Diet career

File:Yoshihiko Noda and Timothy Geithner 20101106.jpg|thumb|left|Noda with Singapore Finance Minister Tharman Shanmugaratnam and U.S. Treasury Secretary Timothy GeithnerTimothy GeithnerIn 1993, he was elected to the Diet for first time representing Chiba's Lower House District #4 as a member of the now-defunct Japan New Party. He later joined the DPJ and served as its Diet affairs chief as well as head of the party's public relations office.In October 2005, Noda criticized Prime Minister Jun'ichirō Koizumi for his position on Japanese class A war criminals as "war criminals". However, Noda supported Koizumi's visit to Yasukuni Shrine.WEB,weblink ja:ポスト菅・身上書:野田佳彦財務相 教育、靖国で保守強調, Japanese,, Mainichi Shimbun, 18 August 2011, 29 August 2011, yes,weblink" title="">weblink 16 November 2011, Noda acted as senior vice finance minister when the DPJ won control of the Diet in September 2009, and was appointed as Minister of Finance by Prime Minister Naoto Kan in June 2010. He was known as a reformist and had led a DPJ intraparty group critical of ex-DPJ powerbroker Ichirō Ozawa. Upon assuming the post of finance minister, Noda, a fiscal conservative, expressed his determination to slash Japan's deficit and rein in gross public debt. In January 2011, for the first time in six years, the finance ministry intervened in the foreign exchange market and spent 2.13 trillion yen to purchase dollars in order to rein in the yen’s spiraling appreciation.File:Poster from Noda in Toyonaka DSCN3478 20121008.JPG|thumb|Poster in ToyonakaToyonaka

Prime Minister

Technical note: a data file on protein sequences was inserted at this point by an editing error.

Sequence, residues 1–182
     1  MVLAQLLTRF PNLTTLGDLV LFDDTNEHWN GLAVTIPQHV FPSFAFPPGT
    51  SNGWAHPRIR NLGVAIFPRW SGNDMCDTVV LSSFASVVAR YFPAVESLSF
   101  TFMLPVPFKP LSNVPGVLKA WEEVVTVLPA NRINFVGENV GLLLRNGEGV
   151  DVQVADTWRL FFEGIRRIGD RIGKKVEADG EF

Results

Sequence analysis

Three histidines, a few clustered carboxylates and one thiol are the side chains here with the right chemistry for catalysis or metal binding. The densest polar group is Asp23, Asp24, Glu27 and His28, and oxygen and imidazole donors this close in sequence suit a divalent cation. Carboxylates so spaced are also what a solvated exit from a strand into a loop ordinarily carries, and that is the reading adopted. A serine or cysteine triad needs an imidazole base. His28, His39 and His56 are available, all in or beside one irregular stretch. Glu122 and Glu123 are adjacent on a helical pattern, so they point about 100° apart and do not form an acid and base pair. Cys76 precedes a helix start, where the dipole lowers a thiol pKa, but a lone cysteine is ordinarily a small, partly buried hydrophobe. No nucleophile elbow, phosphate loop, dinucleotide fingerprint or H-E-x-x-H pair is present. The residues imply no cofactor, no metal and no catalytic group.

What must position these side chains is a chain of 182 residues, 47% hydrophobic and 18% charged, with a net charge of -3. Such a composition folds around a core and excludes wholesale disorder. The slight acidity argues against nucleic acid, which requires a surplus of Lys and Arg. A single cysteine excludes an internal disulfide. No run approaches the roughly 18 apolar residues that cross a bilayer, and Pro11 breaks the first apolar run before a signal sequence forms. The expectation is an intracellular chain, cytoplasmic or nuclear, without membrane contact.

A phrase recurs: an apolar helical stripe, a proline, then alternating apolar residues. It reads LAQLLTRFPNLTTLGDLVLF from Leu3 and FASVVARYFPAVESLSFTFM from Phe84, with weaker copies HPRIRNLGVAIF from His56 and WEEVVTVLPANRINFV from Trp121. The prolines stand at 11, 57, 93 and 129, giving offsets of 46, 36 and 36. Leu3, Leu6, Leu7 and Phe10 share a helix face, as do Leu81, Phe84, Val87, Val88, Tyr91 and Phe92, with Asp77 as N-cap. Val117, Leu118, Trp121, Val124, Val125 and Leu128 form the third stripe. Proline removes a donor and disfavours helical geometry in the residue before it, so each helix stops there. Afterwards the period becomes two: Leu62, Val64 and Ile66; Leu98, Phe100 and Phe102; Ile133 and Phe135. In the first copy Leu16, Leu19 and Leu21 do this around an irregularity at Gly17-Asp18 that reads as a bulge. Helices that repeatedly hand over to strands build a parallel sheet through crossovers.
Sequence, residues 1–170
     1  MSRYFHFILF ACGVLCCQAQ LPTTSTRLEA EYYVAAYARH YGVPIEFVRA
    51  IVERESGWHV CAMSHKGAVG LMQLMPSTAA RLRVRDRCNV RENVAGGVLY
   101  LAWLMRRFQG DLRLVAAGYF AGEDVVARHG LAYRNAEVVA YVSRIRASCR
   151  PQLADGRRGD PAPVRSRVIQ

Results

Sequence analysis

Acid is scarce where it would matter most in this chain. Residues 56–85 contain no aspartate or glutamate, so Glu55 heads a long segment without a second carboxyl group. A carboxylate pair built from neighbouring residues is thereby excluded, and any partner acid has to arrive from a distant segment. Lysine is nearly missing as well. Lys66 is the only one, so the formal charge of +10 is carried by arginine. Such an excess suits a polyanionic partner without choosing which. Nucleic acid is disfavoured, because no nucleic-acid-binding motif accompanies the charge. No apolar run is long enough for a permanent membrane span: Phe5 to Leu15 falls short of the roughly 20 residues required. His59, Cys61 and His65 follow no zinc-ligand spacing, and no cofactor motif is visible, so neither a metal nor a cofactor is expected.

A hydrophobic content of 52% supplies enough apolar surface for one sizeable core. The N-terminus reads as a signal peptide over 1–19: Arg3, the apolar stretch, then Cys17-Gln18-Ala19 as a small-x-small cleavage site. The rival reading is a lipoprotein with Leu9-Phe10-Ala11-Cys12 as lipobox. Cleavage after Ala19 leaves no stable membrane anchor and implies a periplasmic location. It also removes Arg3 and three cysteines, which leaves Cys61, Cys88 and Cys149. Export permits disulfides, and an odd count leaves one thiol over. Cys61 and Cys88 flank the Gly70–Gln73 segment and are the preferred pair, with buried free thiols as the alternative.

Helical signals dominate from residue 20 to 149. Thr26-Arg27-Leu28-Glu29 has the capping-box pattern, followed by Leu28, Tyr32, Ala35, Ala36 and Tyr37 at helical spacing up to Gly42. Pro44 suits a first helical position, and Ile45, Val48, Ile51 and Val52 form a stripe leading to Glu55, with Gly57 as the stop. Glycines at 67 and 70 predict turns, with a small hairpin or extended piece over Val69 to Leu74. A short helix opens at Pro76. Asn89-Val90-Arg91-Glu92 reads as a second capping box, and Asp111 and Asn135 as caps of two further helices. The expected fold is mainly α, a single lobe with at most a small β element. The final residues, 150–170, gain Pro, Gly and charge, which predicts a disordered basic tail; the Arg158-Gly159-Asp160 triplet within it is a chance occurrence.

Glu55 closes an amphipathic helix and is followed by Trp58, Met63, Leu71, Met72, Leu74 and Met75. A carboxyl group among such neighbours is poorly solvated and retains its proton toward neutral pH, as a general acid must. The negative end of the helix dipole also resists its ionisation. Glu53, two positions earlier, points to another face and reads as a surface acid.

File:Yoshihiko Noda copped 1 APEC Japan 2010 Finance Ministers Meeting member 20101106.jpg|thumb|Noda at the 2010 APECAPECFile:2012-05-19 Дмитрий Медведев, Есихико Нода.jpeg|thumb|Noda with Russian Prime Minister Dmitry MedvedevDmitry MedvedevAfter Naoto Kan's resignation in August 2011, Noda stood as a candidate in the party election to replace him.WEB,weblink Noda declares DPJ election candidacy, calls for fiscal discipline, Mainichi Newspapers Co. Ltd., 27 August 2011, 28 August 2011, Johnston, Eric, "Contenders' backgrounds", Japan Times, 28 August 2011, p. 2. He won a runoff vote against Banri Kaieda in the leadership election, making him the presumptive prime minister. He inherited the challenge of rebuilding from the 2011 Tōhoku earthquake and tsunami.WEB,weblink Yoshihiko Noda elected Japan's new PM, 29 August 2011, Indiavision news, During the party caucus making the leadership decision, Noda made a 15-minute speech in which he summarized his political career by comparing himself to dojo loach, a kind of bottom-feeding fish. Paraphrasing a poem by Mitsuo Aida, he said, "I'll never be a goldfish in a scarlet robe, but like a loach in muddy waters. I'll work hard for the people, to move politics forward." The "loach speech" was popular among his colleagues and cemented his political reputation at the start of his term.NEWS, Noda’s likening himself to loach in speech helped endear him to DPJ,weblink 9 January 2014, Japan Times, 2 September 2011, Noda was said to have close relations with the United States, and stressed the importance of the US-Japan security alliance in an August 2011 speech.Doubts already emerging over Japan's new PM|Television New Zealand| TVNZ|(29 August 2011) Retrieved on 26 June 2012. {{webarchive |url= |date=14 October 2012 }} On 15 August 2011 —the anniversary of the Surrender of Japan in World War II, he said that Japan's class A war criminals convicted by the Allies were not legally war criminals under his view.WEB,weblink S. Korea blasts Noda's war criminal remarks, The Japan Times, 17 August 2011, 29 August 2011, As prime minister he stated that his position on this issue would follow the standard set by previous administrations, and that he did not wish to alter Japan's close relationship with China and Korea.WEB,weblink ja:A級戦犯」発言で軌道修正=野田新代表, Japanese, jiji, Jiji Press, 30 August 2011, 31 August 2011,